Info about the campaign here
Lets all show each other #RoadRespect
- It’s illegal to use a handheld mobile phone while driving in the UK.
- This includes holding and using a mobile phone to follow a map, read a text or check social media. It applies even if you have stopped at traffic lights or are queuing in traffic.
- You can only use a handheld phone if you are safely parked or need to call 999 or 112 in an emergency, as long as it’s unsafe or impractical to stop first.
- Using hands-free (e.g. for navigation) is not illegal. However if this distracts you and affects your ability to drive safely, you can still be stopped by the police.
- The penalties for driving carelessly when using a handheld or hands-free phone can include disqualification, a large fine and up to two years imprisonment.
If you are caught using a handheld mobile phone whilst driving:
- You get six penalty points on your licence and a fine of £200
- If you get six points in the first two years of passing your test you will lose your licence
You must drive at an appropriate speed, within the indicated speed limit at all times. Remember to:
- Plan your journey and allow plenty of time to reach your destination.
- Drive at an appropriate speed for the road and the weather conditions.
- Keep a two seconds distance from the vehicle in front.
- Know the speed limits for the road and restrictions for your vehicle.
- Not get confused over imperial and metric road signs, for example, speed limits or bridge heights.
If you build up 12 or more penalty points within a period of three years you will be disqualified from driving.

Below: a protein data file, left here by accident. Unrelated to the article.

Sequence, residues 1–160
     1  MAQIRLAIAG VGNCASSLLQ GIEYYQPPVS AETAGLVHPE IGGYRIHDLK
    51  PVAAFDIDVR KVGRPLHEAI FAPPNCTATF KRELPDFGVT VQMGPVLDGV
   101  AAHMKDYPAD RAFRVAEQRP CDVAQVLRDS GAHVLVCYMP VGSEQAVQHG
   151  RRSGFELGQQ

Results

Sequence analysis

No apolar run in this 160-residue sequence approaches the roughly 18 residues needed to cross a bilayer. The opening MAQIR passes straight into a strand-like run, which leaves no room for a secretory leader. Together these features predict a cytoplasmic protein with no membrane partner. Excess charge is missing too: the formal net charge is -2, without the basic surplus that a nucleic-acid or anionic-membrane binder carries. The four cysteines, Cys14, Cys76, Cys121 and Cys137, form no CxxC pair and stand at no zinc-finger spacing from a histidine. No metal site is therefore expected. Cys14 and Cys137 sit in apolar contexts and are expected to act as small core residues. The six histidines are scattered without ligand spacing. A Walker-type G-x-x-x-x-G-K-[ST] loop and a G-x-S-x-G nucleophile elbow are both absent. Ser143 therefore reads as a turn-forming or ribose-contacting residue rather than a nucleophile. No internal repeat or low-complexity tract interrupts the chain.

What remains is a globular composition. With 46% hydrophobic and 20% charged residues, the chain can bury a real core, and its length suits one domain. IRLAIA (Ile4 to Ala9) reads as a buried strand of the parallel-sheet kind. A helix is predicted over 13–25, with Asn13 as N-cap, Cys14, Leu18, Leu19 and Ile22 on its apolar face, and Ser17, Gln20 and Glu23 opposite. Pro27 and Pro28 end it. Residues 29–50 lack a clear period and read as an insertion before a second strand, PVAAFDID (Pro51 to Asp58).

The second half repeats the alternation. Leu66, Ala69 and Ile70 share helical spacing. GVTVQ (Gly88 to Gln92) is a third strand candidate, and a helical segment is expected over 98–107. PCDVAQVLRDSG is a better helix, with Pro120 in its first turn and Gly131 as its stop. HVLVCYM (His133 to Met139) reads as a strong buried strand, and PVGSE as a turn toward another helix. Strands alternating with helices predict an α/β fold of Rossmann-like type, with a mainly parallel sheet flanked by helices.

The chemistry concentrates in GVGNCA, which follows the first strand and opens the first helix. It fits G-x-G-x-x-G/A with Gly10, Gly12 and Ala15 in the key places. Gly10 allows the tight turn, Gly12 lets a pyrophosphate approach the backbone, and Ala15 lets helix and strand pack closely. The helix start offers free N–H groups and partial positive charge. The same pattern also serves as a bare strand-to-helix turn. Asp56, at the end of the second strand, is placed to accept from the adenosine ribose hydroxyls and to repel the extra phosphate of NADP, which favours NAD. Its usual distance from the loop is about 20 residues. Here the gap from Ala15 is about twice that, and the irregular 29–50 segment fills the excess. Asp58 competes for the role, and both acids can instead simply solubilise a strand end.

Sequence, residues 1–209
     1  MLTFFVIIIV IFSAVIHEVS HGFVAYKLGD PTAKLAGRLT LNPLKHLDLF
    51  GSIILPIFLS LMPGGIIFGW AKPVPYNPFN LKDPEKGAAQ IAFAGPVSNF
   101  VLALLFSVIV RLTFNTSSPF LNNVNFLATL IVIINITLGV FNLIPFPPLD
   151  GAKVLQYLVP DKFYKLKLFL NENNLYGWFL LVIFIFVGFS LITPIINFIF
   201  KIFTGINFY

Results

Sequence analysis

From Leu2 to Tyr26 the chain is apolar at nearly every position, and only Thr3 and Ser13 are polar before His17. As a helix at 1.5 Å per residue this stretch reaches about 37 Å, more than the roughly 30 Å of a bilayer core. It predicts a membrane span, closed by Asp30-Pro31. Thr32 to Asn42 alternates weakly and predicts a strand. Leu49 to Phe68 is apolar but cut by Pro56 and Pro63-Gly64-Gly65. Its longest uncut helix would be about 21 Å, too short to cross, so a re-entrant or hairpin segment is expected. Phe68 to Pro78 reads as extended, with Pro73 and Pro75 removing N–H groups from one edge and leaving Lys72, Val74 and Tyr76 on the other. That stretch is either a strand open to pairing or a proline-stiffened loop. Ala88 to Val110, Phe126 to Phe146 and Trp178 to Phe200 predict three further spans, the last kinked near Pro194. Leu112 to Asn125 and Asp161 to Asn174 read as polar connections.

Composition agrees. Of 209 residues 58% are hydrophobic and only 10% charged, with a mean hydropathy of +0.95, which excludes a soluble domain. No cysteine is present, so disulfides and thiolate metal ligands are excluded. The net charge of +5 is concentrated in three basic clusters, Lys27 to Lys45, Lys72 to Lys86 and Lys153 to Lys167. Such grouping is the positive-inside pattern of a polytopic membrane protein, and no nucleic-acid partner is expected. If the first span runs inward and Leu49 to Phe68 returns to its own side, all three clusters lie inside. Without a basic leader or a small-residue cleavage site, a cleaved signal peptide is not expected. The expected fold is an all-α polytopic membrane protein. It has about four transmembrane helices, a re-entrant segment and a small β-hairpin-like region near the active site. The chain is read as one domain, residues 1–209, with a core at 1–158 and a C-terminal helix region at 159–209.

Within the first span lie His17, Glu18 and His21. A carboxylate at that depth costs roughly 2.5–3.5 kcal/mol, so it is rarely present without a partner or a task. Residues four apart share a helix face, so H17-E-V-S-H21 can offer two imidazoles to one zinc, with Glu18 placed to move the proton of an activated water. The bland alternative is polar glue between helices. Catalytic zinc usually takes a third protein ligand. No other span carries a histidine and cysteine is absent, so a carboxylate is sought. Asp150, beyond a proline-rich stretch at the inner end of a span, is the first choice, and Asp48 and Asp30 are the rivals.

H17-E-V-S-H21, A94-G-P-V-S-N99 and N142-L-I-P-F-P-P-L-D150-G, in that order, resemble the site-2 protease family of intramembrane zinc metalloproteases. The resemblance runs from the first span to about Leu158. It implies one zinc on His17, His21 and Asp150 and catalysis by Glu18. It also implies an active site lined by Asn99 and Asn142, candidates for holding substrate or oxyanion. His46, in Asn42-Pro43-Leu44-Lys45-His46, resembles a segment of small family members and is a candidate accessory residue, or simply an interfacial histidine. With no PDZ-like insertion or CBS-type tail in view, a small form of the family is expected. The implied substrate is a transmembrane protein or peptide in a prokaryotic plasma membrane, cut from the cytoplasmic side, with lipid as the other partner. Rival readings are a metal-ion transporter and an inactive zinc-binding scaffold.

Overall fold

If caught speeding by a speed camera the vehicle’s registered keeper will be sent a notice of intended prosecution. You face having to go to court if you ignore the notice.
The minimum penalty for speeding is a £100 fine and three penalty points, or you may be offered a driver awareness course in some circumstances.
- In England, Wales and Northern Ireland the legal alcohol limit for drivers is 35 micrograms of alcohol per 100 millilitres of breath. In Scotland the legal alcohol limit for drivers is 22 micrograms per 100 millilitres of breath
- One drink could be enough to push you over the limit. If you’re planning to drink alcohol, do not mix this with driving.
- Agree on a designated driver, taking a taxi or using public transport are all options
- Don’t offer an alcoholic drink to someone you know is planning to drive
- Don’t accept a lift from a driver you know has drunk alcohol or taken drugs
- It is against the law to drive under the influence of certain drugs.
- Some illegal drugs, such as cannabis, can stay in your system for several weeks.
- Police are able to do a roadside test to detect those who are driving under the influence of illegal drugs.
- Driving under the influence of drugs impairs your driving ability and is extremely dangerous.
- The penalty for causing death by dangerous driving under the influence of drugs is a prison sentence of up to 14 years.
- Certain medicines can also affect your ability to drive, check with your doctor or pharmacist
If you are convicted of drink or drug driving you could receive:
- A minimum 12 month driving ban
- A criminal record
- A large fine
- Up to six months in prison
- An endorsement on your licence for 11 years
- Increased insurance premium
- Wearing a seat belt saves lives. It is a legal requirement in the UK to use a seat belt if one is fitted in your vehicle for the driver and all passengers.
- For children up to 135cm in height they should use a child restraint.
- Only one person is allowed in each seat fitted with a seat belt, never use the same seat belt around two passengers
- As a passenger over the age of 14 it is your responsibility to ensure you are wearing a seat belt. Failure to do so will result in a fine of £100.
As a driver, you must make sure any children in the vehicle are:
- In the correct car seat and restraint for their height (under 135cm tall)
- Wearing a seat belt if they are 12 years old and above, or over 135cm tall (whichever they reach first)
- You can be fined up to £500 if a child under 14 isn’t in the correct car seat or wearing a seat belt while you are driving